How to Get an 850 Credit Score

By Eric Rosenberg
Published on: 06/04/2019

The most popular credit scoring models have a scale that tops out at 850. This means the best possible credit score you can ever have, using the FICO and VantageScore models, is an 850. But do you really need an 850 credit score?

In most cases, there is no benefit to a perfect credit score. Instead, you should simply focus on improving your credit score to the “excellent” credit score range. Keep in mind that the average credit score is about 711. But if you want to learn how to get 850 credit score, this blog post is for you.

Is it possible to get an 850 credit score?

It is possible to get an 850 credit score. In my entire life, including my time as a bank manager approving credit cards, mortgages and lines of credit, I’ve seen it one time. I sat with my dad, who has a credit history with more years than my age, and pulled up his score on Credit Karma. He had the coveted 850.

But in reality, his 850 credit score is worth little more than a FICO credit score of around 780 and above. Once you reach the top tier with a high credit score, you will be approved for virtually all loans with the best interest rates – if the rest of your personal finances are in good shape. Odds are, with an 850 credit score, you have things well under control.

Just focus on an excellent credit score

Most banks, credit card companies and other lenders offer the best rates and approval odds to anyone with a FICO credit score of around 760-780 and above, though each financial institution has slightly different criteria. If you have a good credit score that is at least 780 or above, you will get all of the same benefits and deals that someone with an 850 score has in most situations.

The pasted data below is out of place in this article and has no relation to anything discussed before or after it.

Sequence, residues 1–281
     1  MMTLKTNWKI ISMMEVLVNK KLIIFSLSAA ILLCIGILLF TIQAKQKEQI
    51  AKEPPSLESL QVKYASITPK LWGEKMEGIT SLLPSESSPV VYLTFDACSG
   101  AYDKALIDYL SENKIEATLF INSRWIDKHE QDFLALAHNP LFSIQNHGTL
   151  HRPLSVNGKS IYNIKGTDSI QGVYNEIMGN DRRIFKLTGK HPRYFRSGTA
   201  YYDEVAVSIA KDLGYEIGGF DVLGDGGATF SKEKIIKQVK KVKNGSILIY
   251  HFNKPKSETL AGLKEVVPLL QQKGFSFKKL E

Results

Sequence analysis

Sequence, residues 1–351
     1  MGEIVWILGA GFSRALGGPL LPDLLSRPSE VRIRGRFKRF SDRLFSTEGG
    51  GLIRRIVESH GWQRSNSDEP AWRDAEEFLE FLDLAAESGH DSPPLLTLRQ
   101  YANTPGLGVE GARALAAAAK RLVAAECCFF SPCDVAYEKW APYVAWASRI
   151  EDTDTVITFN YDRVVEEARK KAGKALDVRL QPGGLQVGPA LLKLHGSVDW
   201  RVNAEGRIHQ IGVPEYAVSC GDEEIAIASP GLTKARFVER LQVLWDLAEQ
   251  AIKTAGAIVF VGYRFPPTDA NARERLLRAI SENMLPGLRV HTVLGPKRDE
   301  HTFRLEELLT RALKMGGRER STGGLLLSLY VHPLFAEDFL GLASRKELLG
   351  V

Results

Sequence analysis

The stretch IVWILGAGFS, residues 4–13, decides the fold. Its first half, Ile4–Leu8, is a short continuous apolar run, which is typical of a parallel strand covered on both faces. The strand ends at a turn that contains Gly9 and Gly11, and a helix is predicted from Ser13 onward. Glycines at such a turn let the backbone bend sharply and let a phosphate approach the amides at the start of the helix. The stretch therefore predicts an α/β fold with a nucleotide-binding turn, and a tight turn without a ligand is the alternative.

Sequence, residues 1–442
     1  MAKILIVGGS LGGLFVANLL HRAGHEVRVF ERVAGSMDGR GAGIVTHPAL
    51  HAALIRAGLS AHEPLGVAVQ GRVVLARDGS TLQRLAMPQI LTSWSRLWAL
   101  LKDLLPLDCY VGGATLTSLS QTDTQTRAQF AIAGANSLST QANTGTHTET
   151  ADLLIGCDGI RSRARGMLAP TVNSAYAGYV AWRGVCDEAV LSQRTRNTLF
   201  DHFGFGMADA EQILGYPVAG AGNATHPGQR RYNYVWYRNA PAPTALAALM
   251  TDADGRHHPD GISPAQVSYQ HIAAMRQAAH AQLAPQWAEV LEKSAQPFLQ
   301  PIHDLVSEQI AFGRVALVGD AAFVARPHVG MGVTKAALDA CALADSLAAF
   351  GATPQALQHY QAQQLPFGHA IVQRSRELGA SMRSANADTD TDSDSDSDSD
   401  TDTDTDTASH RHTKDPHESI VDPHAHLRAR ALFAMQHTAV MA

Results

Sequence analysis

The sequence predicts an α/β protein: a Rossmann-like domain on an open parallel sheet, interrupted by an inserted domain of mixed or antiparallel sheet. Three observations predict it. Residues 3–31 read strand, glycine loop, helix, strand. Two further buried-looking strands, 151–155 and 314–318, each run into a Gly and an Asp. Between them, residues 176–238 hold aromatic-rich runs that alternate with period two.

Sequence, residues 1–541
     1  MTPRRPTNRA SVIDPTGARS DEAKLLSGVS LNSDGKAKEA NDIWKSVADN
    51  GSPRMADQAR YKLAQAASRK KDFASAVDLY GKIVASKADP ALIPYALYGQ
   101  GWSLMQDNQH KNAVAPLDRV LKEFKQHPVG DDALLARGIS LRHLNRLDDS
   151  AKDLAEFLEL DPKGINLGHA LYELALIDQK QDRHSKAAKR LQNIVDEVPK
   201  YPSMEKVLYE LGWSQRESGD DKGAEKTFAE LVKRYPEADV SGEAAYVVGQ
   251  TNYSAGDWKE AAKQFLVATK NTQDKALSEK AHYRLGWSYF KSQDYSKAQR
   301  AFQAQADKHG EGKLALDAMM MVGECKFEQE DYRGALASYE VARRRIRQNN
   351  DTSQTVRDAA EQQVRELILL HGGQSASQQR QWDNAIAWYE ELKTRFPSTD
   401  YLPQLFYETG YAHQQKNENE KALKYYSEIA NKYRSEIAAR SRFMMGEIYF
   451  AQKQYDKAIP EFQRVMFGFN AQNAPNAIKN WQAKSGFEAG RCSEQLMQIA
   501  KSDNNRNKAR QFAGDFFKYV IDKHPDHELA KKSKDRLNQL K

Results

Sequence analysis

The value of an excellent credit score can’t be overrated, particularly if you plan to buy a home with a mortgage loan at some point in the future. The difference in interest rates between someone with poor and excellent credit can easily be worth tens of thousands of dollars over the life of a mortgage. For higher value homes, it may be worth six-figures or more!

Similar savings apply to auto loans, credit cards, lines of credit, home equity loans and some student loans. Also, remember that with an excellent credit score, your approval odds are much higher than with a lower score.

How do you get an 850 credit score?

If you are determined to improve your credit to reach that perfect score for bragging rights, you may have a long journey ahead. There are just a few credit score factors. If you manage them all well, you can get the best possible 850 credit score.

Start by keeping your revolving credit balances low and consider trying to raise your credit limit. These are accounts like credit cards and lines of credit. Some experts a reasonable credit utilization ratio is when you keep the balance below 20% or 30% of your total available balances. In reality, however, the best balance to get the highest credit score is $0.

At the same time, you should never, under any circumstances, make late payments. You can use automatic recurring payments or sign up for payment reminders to help make sure you don’t miss a due date. Just one late payment will keep you from a perfect credit score for at least seven years.

You will also need a large mix of accounts to join the 800+ credit score club. The Self Credit Builder Account counts as one credit line if you are a customer. Perfect credit requires a mix of both revolving credit and installment loans. Installment loans are loans with a fixed payment like student loans, a personal loan, a car loan or a mortgage.

Signing up for new credit can harm your score in multiple ways, and just an application or two in the last two years may keep an otherwise perfect score in the 780-849 range. New credit inquiries stay on your credit report for two years.

The most important things to do to improve bad credit are to pay off your credit cards and other installment loans and always pay every loan payment on time. If you focus on those two things, you will be in pretty good shape overall. If you’re looking to build your credit score, you may also want to consider signing up for a credit builder loan.

The benefits of a credit score of 780 or higher